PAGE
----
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Commemorative Landscapes of North Carolina
Commemorative Landscapes of North Carolina
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  • Monument Name

    Haywood County Confederate Monument, Waynesville

  • Type


  • Subjects

    Civil War, 1861-1865

  • City


  • County


  • Description

    A rectangular 20 by 28 in bronze plaque set in a 5 by 6 foot boulder. Centered beneath the date on the plaque (1861 - 1865) is the seal of the United Daughters of the Confederacy.

    Images: Bronze plaque

  • Inscription


  • Custodian

    Haywood County

  • Dedication Date

    July 12, 1940

  • Decade


  • Geographic Coordinates

    35.492380 , -82.986840 View in Geobrowsemap pin

  • Supporting Sources

      Johnson, Becky. "Confederate supporters protest flag removal at courthouse," Smoky Mountain News at, August 8, 2012, (accessed November 16, 2014) Link

      Ostendorff, Jon. "N.C. County Moves to Limit Display of Confederate Flags," reprinted from Citizen-Times (Asheville N.C.), Nov. 20, 2012,, (accessed November 21, 2020) Link

      United Daughters of the Confederacy, North Carolina Division. Minutes of the Twenty-First Annual Convention of the United Daughters of the Confederacy North Carolina Division, Held at Kinston, North Carolina, October 10, 11, 12, 1917 ([United Daughters of the Confederacy, 1917]), 120, (accessed September 7, 2012) Link

      United Daughters of the Confederacy, North Carolina Division. Minutes of the Twenty-Third Annual Convention of the United Daughters of the Confederacy North Carolina Division, Held at High Point, North Carolina, October 8, 9, 10, 1919 (Raleigh, N.C.: Edwards & Broughton Printing Co.), 98, (accessed September 10, 2012) Link

      “U.D.C. Chapter to Unveil Marker Friday Afternoon,” Waynesville Mountaineer, (Waynesville, NC), July 11, 1940.

  • Public Site


  • Materials & Techniques

    Granite, bronze

  • Sponsors

    Haywood County Chapter of the United Daughters of the Confederacy with the support of the county board of commissioners

  • Monument Dedication and Unveiling

    The dedication took place on July 12th, 1940. The ceremony included a principle address by Col. J. Harden Howell. The dedication included an unveiling by two local young women, Haseltine Swift and Catherine Martin, and a wreath laying by Mrs. C. F. Kirkpatrick. The celebration was attended by 96 year-old Confederate Veteran J. M. Wood of Waynesville. According to the article, he was one of three remaining veterans in the county at the time. The monument was dedicated to honor the confederate veterans of the three companies from Haywood County.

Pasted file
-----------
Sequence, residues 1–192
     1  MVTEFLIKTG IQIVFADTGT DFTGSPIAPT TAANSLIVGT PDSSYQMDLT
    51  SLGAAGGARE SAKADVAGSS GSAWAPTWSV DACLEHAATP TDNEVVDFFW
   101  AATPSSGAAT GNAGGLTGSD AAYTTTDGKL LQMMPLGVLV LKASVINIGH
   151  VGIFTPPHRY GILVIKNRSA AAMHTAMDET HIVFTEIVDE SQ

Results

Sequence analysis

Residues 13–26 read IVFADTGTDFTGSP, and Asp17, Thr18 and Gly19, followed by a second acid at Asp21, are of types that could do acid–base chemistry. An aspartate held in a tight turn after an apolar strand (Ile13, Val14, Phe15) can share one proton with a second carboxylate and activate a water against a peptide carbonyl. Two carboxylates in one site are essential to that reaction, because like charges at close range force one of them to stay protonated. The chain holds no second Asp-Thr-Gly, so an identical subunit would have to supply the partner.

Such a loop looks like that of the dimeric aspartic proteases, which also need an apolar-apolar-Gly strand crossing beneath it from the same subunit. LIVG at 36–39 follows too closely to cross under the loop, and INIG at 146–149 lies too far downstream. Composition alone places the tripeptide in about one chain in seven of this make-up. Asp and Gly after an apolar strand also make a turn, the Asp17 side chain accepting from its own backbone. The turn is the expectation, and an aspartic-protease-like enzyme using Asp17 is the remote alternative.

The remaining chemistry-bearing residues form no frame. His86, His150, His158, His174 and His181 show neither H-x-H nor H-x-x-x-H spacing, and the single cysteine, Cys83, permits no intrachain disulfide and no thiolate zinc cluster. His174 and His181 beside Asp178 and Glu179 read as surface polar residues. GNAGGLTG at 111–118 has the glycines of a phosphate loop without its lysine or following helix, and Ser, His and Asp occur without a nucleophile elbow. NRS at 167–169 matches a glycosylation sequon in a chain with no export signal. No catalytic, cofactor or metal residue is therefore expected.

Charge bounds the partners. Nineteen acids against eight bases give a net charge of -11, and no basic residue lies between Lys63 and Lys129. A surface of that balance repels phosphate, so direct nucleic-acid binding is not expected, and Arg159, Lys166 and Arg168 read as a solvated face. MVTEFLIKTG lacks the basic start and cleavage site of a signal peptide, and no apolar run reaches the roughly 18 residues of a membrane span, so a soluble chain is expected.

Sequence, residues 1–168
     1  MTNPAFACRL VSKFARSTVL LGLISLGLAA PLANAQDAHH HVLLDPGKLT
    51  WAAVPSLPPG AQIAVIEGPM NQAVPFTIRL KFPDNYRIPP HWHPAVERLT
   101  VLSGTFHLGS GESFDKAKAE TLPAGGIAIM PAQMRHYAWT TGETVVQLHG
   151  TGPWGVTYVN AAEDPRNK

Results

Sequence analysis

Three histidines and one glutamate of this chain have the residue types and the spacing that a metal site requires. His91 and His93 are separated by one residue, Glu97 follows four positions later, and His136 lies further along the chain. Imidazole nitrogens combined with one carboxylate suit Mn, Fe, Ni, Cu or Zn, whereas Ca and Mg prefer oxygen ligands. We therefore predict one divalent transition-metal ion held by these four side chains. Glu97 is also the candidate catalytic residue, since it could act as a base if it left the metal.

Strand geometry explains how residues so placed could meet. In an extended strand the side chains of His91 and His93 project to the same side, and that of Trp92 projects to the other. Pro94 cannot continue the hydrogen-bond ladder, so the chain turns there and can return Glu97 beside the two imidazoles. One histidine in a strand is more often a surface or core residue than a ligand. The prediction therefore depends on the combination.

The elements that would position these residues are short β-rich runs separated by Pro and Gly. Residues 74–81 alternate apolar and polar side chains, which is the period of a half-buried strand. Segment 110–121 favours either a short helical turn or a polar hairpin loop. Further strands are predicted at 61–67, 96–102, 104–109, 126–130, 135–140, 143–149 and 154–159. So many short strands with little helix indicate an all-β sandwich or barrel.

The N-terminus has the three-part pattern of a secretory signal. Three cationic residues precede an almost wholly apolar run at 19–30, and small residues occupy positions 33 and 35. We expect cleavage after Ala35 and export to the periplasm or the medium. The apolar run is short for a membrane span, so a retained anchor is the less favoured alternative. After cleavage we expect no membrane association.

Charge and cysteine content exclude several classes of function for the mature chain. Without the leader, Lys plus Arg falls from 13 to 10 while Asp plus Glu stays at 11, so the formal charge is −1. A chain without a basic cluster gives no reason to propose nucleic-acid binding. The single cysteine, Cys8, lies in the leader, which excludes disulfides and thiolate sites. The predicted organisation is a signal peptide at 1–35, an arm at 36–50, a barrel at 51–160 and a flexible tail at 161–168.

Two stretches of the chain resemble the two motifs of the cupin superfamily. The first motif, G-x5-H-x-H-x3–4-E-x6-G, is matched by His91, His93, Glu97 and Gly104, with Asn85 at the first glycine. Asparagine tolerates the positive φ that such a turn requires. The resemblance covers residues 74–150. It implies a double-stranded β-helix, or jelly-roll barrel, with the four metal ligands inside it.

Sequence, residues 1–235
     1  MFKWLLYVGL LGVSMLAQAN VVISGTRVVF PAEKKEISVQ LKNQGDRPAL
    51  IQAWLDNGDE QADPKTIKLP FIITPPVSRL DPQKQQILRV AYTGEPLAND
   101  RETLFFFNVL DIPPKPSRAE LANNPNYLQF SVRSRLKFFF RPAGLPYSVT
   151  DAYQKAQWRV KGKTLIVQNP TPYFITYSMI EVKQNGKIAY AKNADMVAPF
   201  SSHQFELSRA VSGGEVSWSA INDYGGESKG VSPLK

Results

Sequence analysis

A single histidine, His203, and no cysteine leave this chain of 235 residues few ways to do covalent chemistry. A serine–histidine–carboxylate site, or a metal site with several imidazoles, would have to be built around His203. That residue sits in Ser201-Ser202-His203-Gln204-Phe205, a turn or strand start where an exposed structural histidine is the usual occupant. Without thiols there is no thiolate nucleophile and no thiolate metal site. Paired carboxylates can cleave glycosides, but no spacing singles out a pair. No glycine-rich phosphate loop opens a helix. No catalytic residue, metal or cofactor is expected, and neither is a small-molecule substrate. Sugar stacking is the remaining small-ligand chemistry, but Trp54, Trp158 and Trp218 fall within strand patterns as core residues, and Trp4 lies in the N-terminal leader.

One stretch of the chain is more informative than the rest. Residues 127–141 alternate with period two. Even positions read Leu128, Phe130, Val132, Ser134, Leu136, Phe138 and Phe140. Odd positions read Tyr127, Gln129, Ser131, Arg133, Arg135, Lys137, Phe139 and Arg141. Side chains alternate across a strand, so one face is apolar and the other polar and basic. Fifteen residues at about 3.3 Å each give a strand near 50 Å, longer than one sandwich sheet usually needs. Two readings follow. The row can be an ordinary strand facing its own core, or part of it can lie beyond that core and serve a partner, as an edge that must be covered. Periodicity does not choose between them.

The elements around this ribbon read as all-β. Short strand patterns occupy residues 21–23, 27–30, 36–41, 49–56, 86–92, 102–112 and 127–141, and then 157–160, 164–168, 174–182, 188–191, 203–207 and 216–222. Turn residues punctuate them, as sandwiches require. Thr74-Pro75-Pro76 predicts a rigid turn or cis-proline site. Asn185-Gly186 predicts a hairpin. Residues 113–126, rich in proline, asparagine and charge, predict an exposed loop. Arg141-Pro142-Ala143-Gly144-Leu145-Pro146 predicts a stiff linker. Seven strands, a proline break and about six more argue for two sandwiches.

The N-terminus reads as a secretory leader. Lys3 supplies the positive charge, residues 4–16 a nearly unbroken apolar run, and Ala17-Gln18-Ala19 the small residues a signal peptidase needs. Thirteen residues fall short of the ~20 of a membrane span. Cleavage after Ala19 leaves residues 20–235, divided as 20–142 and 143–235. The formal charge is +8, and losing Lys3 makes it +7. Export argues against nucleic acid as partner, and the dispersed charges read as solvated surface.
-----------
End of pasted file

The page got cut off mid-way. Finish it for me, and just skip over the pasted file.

• Subject Notes

    The boulder was donated for the purpose by county commissioners George A. Brown, Jr., Frank M. Davis, and R. T. Boyd in 1940.

  • Controversies

    Although originally dedicated without controversy, in 2012 the county attempted to ban the use of the Confederate Flag (the “Stars and Bars”) on public property resulting in several protests and attempted legal action by local groups. The county does allow the Confederate First National Flag to be placed at the site on Confederate Memorial Day, but local devotees hope to have the ban removed entirely. The controversy grew even more heated when supporters recruited the help of Kirk Lyons, a lawyer from Black Mountain. Lyons is known for representing members of the Aryan Nations and the Ku Klux Klan in the 1980s. Lyons’ involvement sparked protests from the community.

  • Location

    The marker is located in front of the Old Haywood County Courthouse, 215 N. Main Street, Waynesville, NC. It is positioned so that the flat, broad face containing the plaque is squarely facing North Main Street. Also located nearby are the Haywood County All Veterans Memorial, the Haywood County Korean War Memorial, the Memorial Tablet to Revolutionary Soldiers, 1776 Militia Rifleman statue, and the Haywood County Vietnam Memorial.

  • Landscape

    The monument is located at the front corner of the grass lawn of the Old Haywood County Court House.

  • Approval Process

    Plans to build the monument began in 1917 with the securing of land next to the Courthouse to build a park where the monument would be erected. By 1919 the Leglisature, through Judge Ferguson, had donated $2,000 toward the effort.

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